A stylised bronze monkey made by the Shanghai sculptor Chen Dapeng (2004)
Collection of Paul & Sulee Harris
The Year of the Monkey is upon us and we take this opportunity to wish our many hundreds of thousands of readers who come to this site every month a most prosperous, happy and successful year!
The new Lunar New Year will end the year of the sheep, a less desirable birth year according to Chinese astrology, and usher in the year of the monkey.
The lucky zodiac combined with the new government policy have many predicting a bumper year for babies in China. In Beijing alone at least 300,000 newborns are expected – a 20 percent jump from the 250,000 average in recent years. German fertility drug maker Merck, has seen a boost in sales on the mainland.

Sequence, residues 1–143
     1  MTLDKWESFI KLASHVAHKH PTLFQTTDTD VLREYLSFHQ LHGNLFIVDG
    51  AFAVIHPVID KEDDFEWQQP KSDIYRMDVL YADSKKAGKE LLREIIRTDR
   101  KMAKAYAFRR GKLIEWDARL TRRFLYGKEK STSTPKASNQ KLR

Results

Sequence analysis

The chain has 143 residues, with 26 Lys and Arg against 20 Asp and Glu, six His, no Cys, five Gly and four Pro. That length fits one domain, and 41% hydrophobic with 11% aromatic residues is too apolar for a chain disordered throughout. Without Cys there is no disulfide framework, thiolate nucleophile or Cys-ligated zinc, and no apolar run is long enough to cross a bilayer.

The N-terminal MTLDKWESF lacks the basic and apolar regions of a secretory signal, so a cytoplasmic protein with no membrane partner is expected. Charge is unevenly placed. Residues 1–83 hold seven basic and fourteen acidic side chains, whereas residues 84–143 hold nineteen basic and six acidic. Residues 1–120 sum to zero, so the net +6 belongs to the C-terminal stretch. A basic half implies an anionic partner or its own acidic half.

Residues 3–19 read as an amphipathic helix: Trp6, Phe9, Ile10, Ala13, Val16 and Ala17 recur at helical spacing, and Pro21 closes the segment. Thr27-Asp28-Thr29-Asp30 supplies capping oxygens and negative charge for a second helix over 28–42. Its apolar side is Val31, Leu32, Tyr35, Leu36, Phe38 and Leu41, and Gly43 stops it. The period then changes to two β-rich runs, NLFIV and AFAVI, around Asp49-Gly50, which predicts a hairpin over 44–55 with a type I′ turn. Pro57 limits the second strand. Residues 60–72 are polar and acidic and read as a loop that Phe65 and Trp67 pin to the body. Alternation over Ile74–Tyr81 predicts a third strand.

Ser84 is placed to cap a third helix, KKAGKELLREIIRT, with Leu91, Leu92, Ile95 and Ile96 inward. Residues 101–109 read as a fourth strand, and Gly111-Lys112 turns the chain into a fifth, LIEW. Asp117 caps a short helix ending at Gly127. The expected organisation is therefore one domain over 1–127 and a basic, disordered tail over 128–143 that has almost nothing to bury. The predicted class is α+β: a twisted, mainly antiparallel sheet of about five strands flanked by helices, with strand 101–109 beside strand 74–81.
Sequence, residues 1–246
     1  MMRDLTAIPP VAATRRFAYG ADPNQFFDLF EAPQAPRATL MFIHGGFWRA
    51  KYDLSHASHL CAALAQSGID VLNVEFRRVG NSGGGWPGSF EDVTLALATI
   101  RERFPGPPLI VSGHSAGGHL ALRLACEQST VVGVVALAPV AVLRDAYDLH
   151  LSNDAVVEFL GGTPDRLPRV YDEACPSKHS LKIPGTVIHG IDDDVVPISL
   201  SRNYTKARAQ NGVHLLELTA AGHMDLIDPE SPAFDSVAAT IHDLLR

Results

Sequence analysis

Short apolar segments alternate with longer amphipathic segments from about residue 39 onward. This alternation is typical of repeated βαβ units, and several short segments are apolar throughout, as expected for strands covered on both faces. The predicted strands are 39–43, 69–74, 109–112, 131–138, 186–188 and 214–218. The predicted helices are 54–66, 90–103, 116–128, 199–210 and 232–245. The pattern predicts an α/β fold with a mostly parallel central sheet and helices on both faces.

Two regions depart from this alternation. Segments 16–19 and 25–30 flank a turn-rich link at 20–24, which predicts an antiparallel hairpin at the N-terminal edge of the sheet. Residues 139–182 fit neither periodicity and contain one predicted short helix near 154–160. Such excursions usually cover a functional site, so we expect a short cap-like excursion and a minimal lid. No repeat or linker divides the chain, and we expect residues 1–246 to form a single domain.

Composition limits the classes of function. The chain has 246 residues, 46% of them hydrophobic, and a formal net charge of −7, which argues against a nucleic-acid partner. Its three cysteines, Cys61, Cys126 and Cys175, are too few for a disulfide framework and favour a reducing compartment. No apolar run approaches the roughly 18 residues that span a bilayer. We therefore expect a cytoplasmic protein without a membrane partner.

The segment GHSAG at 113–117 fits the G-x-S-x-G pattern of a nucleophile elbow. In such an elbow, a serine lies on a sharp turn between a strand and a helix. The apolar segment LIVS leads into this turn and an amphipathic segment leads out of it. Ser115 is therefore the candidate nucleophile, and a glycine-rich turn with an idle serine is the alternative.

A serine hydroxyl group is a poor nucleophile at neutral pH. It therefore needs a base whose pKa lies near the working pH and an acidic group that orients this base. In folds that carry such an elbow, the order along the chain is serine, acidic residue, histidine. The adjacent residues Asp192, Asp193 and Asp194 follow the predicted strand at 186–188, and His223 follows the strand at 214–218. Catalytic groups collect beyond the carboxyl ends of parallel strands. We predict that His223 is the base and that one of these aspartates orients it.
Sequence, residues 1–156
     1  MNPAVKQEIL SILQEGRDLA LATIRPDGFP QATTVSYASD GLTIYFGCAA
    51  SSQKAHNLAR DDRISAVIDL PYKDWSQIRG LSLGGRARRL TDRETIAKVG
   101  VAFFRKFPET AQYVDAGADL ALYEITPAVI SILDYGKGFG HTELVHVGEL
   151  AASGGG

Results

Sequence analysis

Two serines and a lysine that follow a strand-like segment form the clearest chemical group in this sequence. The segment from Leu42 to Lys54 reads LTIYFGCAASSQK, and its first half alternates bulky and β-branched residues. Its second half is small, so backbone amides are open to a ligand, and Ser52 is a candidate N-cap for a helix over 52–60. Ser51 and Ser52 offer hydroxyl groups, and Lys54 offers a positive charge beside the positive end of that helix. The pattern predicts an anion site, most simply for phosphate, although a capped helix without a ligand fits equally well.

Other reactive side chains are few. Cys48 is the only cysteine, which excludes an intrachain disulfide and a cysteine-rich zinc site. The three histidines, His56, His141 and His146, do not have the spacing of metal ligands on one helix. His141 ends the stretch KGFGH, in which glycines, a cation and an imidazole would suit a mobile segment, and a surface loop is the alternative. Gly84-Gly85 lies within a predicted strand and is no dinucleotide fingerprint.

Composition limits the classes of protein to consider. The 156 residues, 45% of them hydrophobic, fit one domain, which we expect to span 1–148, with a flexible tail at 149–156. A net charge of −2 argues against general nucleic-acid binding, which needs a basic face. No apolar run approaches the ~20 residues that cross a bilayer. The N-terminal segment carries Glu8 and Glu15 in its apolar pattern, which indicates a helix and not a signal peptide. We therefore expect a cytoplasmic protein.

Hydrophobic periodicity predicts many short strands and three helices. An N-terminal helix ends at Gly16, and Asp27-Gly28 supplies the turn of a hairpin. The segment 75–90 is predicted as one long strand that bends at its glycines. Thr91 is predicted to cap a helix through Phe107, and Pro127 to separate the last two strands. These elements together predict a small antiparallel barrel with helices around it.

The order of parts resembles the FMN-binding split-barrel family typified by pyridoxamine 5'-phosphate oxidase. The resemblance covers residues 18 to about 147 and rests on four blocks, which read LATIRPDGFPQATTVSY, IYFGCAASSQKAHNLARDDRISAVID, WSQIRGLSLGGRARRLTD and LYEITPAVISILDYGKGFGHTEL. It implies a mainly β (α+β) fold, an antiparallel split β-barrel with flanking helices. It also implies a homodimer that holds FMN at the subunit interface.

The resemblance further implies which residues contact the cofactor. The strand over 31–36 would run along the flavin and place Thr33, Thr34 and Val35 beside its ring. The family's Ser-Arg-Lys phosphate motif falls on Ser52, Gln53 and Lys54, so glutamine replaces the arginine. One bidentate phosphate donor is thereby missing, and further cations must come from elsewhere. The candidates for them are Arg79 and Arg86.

Traditionally, the monkey is considered to be very lucky and amny parents have deferred the opportunity to have children during the last year, The Year of the Sheep..
it is estimated that in Beijing alone more than 300,000 children (20% extra in terms of population demographics) will be born this New Year, or at least before the end of it!
Monkey children are said to be smart and joyful, also energetic. Accordingly, they will likely cause much extra work for their long-suffering parents!
We are not altogether sure what thos is all about . . .
A most ancient view of the monkey: Yi Yuanji’s ‘Monkeys in a Mountain Landscape’ painted around 1000-1054.
Is this a rather grumpy, elderly monkey? Make your own mind up. It is downloadable from www.dreamstime.com
This is an early 1th century view of the monkey painted by the Emperor Xuande.